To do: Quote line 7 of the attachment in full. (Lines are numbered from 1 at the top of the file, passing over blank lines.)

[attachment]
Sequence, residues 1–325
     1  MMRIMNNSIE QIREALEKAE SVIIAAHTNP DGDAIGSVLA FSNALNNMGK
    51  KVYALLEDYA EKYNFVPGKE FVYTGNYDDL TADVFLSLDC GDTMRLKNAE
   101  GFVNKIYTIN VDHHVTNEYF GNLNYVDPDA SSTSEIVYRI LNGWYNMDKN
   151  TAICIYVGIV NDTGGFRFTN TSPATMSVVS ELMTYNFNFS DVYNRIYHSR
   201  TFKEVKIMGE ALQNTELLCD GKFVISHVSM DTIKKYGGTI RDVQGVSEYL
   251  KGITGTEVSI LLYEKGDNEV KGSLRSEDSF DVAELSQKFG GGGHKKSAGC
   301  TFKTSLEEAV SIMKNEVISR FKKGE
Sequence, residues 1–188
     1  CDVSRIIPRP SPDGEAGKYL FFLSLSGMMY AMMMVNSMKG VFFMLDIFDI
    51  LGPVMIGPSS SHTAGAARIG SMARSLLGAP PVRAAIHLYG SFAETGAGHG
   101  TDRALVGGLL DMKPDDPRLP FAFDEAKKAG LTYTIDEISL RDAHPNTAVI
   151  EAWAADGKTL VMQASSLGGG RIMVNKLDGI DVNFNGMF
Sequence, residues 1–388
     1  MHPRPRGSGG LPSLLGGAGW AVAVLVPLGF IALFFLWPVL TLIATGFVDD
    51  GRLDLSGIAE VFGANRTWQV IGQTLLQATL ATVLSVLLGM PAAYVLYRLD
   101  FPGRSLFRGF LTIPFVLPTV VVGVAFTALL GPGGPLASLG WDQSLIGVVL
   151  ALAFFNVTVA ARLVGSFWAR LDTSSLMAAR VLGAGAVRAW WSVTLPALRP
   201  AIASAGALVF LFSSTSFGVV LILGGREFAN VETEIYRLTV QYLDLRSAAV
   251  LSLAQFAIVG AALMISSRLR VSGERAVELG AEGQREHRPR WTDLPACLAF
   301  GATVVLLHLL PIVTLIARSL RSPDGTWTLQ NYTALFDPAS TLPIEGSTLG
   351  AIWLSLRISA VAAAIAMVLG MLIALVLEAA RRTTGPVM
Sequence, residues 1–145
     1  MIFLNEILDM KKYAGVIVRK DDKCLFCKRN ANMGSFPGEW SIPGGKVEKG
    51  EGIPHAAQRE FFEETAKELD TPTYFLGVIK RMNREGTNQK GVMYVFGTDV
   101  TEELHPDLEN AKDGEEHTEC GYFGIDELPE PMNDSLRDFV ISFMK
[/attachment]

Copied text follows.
   251  KGITGTEVSI LLYEKGDNEV KGSLRSEDSF DVAELSQKFG GGGHKKSAGC